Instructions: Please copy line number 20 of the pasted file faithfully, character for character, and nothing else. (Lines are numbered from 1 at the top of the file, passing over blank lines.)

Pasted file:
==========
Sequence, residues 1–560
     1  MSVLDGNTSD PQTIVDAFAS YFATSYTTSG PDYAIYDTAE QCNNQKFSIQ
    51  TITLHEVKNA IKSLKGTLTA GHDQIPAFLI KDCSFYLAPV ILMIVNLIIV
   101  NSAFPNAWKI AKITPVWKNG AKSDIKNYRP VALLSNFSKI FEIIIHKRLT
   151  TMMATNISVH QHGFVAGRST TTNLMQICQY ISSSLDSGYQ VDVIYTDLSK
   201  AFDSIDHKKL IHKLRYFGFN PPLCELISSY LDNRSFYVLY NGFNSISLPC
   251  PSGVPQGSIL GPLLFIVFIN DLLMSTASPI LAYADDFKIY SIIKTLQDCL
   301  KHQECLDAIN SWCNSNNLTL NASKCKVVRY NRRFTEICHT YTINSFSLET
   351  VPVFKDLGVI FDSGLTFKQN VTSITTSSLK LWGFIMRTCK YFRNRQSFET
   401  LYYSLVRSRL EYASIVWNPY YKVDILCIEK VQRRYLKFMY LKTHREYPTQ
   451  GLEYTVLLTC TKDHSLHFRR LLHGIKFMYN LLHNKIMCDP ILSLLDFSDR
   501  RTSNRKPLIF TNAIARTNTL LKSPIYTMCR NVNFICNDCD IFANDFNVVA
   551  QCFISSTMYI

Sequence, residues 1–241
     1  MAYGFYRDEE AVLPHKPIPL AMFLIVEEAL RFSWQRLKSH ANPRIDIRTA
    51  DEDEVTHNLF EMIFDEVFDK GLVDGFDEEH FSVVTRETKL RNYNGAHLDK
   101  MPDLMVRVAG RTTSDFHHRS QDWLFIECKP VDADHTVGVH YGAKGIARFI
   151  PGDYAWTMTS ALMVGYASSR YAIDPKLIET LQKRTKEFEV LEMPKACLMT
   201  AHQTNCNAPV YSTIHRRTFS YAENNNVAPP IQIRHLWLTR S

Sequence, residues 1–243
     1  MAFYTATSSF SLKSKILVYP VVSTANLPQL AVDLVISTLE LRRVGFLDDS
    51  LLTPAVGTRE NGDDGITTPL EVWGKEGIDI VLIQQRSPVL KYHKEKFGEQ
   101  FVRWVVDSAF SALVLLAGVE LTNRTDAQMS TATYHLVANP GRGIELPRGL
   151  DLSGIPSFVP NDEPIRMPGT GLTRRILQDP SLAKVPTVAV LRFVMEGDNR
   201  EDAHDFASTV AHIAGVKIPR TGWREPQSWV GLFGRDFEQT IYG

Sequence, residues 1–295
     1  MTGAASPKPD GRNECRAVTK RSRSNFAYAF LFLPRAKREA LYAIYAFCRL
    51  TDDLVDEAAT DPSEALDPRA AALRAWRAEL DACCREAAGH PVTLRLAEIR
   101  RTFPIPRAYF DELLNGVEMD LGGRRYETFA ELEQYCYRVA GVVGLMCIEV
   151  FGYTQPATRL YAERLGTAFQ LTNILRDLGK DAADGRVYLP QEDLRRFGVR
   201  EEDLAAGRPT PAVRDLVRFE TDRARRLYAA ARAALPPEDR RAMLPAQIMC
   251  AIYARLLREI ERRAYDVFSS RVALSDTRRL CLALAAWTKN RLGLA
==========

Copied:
Sequence, residues 1–243